Section Between Watauga and Ashe Counties To Be Treated For Gypsy Moth

The N.C. Department of Agriculture and Consumer Services has started treating for gypsy moth infestations in several areas across North Carolina and a local location will be targeted.

Baldwin Gap, along the line between Watauga and Ashe counties, is among the areas on a recently released list from NCDACS. “We have a total of 11 blocks and 121,638 acres to treat,” said Chis Elder, NCDA&CS Gypsy Moth program manager. “We plan to start around June 2 in Hatteras and spread across to June 18 in Watauga, adding a couple of days to cover possible delays.”

Prior to normal gypsy moth mating periods, low-altitude fixed-wing aircraft will disperse SPLAT Gypsy Moth-Organic infused with the naturally occurring gypsy moth pheromone.

The presence of the pheromone makes male gypsy moths unable to follow the natural pheromone scent trails released by the females.This decreases mating success and reduces the gypsy moth population. The pheromone is not harmful to humans, animals or plants, and it will not affect other insect species.

            Gypsy moths feed on the leaves of more than 300 different species of trees and shrubs, predominantly oaks and hardwoods. When areas become heavily infested, trees may be completely stripped of foliage, leaving yard trees and entire forests more susceptible to attacks from other pests.  Severe infestations often lead to tree death. Gypsy moth caterpillars can also pose public health concerns for people with respiratory problems. In areas with high-density gypsy moth populations, the caterpillar hairs and droppings may cause severe allergic reactions.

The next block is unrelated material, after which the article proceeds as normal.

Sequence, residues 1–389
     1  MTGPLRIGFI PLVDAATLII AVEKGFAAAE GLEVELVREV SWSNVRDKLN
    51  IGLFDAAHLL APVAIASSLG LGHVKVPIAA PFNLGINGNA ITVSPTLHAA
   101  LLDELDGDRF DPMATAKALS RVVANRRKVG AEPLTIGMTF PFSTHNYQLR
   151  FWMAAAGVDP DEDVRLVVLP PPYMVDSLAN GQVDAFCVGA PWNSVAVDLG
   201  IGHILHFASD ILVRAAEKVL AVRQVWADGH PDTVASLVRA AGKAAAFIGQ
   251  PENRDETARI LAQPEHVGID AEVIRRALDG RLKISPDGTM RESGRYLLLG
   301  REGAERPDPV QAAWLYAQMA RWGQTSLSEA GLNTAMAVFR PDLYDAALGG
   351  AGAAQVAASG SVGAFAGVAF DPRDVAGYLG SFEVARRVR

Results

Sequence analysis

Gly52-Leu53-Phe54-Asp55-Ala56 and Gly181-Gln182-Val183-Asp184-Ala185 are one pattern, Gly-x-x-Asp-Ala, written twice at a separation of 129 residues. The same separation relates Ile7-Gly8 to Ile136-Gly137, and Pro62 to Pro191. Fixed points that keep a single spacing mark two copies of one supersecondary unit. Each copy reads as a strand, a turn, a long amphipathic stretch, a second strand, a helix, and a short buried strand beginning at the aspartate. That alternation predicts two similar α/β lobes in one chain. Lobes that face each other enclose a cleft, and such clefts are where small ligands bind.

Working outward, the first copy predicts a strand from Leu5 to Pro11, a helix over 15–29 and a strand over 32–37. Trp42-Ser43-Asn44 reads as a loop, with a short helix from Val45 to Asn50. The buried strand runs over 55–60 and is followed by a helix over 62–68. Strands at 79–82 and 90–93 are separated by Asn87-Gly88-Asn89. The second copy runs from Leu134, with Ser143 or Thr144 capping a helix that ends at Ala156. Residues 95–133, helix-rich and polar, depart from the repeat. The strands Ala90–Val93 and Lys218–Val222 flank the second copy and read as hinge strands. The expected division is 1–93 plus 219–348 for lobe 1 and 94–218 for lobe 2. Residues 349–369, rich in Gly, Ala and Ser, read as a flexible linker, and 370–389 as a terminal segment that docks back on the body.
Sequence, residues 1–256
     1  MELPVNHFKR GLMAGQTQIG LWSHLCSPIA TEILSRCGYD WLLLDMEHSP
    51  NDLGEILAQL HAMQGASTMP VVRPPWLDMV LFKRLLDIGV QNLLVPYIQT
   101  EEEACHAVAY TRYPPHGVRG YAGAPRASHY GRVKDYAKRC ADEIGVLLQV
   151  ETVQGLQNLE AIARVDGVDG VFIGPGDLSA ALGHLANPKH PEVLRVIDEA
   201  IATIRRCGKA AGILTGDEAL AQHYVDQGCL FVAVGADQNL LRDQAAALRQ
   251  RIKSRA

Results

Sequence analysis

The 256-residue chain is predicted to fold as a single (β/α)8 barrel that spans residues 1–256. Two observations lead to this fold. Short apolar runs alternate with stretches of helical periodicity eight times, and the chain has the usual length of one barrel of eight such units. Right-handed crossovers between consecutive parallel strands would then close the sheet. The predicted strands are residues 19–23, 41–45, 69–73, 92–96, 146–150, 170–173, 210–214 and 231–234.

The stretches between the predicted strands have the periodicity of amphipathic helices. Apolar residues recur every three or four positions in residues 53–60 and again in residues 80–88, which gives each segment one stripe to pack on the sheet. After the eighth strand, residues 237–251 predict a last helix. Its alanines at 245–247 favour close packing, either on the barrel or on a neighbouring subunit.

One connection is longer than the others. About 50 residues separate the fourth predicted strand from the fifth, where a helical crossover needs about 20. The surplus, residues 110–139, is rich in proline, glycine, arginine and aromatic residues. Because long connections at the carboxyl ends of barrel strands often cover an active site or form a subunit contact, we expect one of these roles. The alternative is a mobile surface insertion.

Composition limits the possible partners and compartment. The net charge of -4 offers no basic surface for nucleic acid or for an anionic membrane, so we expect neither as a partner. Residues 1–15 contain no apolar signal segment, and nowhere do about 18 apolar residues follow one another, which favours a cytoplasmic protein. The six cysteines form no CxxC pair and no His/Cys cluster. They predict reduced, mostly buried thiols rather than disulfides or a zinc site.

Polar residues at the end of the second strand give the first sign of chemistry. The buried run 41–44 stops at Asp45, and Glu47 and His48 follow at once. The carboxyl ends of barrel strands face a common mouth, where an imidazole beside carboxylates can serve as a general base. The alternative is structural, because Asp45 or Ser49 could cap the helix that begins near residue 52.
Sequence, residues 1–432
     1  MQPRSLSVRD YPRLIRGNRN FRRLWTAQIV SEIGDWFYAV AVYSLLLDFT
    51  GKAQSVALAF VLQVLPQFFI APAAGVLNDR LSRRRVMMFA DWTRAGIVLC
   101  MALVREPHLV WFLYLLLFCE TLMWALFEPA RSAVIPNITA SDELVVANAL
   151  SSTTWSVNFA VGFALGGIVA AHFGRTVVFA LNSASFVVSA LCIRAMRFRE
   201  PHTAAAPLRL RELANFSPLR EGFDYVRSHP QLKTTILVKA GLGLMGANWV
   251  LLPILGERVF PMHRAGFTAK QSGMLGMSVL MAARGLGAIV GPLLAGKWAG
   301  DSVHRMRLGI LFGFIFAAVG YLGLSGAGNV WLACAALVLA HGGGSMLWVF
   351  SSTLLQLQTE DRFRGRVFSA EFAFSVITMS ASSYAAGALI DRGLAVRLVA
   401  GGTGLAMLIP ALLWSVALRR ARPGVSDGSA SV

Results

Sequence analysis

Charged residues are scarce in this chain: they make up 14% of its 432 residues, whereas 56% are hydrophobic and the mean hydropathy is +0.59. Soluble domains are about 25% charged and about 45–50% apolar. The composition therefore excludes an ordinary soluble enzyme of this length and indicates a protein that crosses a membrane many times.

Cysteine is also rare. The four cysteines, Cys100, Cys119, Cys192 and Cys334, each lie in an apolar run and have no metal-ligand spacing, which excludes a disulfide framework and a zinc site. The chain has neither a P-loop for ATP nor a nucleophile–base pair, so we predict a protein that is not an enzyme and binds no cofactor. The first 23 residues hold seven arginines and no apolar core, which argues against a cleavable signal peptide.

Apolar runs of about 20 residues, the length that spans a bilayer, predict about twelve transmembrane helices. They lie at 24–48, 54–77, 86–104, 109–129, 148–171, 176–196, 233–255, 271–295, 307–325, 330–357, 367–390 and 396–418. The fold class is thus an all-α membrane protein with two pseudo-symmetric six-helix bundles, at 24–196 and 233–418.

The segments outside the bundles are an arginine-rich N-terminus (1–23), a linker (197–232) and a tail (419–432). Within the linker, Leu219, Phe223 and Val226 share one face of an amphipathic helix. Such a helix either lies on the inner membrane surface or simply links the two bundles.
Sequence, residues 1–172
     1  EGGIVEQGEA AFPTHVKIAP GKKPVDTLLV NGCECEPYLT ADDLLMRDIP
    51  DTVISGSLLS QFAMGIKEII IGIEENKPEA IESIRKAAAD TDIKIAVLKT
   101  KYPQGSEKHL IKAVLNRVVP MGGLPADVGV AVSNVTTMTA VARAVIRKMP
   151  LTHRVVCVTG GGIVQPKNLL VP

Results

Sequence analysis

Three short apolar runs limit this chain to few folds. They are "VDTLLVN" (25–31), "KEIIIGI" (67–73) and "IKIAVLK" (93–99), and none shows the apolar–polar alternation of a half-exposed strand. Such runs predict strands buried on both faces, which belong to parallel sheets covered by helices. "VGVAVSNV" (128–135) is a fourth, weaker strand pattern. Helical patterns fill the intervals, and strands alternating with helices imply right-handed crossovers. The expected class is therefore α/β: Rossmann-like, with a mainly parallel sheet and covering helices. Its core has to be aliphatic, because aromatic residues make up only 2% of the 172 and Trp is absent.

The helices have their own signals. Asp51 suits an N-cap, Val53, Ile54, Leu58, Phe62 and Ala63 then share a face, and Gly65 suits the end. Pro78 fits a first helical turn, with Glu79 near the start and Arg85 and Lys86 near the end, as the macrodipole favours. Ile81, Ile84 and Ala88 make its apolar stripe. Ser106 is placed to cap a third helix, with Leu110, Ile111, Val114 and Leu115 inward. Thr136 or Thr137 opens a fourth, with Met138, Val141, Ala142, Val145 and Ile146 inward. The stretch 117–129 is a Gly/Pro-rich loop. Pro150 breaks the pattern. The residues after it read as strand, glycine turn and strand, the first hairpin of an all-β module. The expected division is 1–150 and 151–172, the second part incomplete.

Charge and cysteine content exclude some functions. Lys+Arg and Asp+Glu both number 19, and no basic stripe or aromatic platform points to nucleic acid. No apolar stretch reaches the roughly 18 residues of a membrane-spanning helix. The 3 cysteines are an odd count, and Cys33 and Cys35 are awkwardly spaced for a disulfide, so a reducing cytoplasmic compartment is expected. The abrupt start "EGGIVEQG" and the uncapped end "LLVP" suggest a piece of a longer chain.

NCDA&CS has addressed spot introductions of the gypsy moth across North Carolina since the 1970s. The treatment will be done in cooperation with the U.S. Department of Agriculture’s Forest Service, Elder said.

            Public hearings were held in February and March to discuss these infestations and receive input from residents about treatment options.

 

Treatment will start around June 2 through June 20. The other areas to be treated include:

  • Buxton, on Hatteras Island in Dare County.
  • Stovall, in northern Granville and Vance counties.
  • North of Roxboro in Person County.
  • A large area in Surry, Stokes and Rockingham counties, including Mount Airy, Pilot Mountain, Danbury, Walnut Cove, Madison, Mayodan, and Eden.

 

Ashe and Watauga County, West Jefferson/Elk Knob area

NC_Baldwin_Gap_1: This 6,876 acre proposed treatment block in Ashe and Watauga County lies approximately 8 miles west of Jefferson, NC. The North Fork of the New River passes through the southwestern corner of this block, and Three Top Creek passes through the northeastern corner. A large part of Elk Knob State Park lies inside this block. No major roads enter this block, though NC Highway 88 is within a mile to its west. Sunderland Road enters the west side, and Three Top Road enters its east side. The terrain in the block is very mountainous, with Big Knob and Elk Knob being the main features. The area is wooded, with a small amount of open farmland in the valleys. There are approximately 227 houses and other structures in this block. In 2016 and 2017, numerous traps captured 1-4 male moths apiece, indicating a low-level population is getting established in this area. One application of mating disruption is proposed for this block.

For more information, including maps and a description of the proposed treatment area, go to www.ncagr.com/gypsymoth or contact NCDA&CS toll free at 800-206-9333. More immediate updates, including spray start dates, will be posted on Twitter at www.twitter.com/NCAgriculture.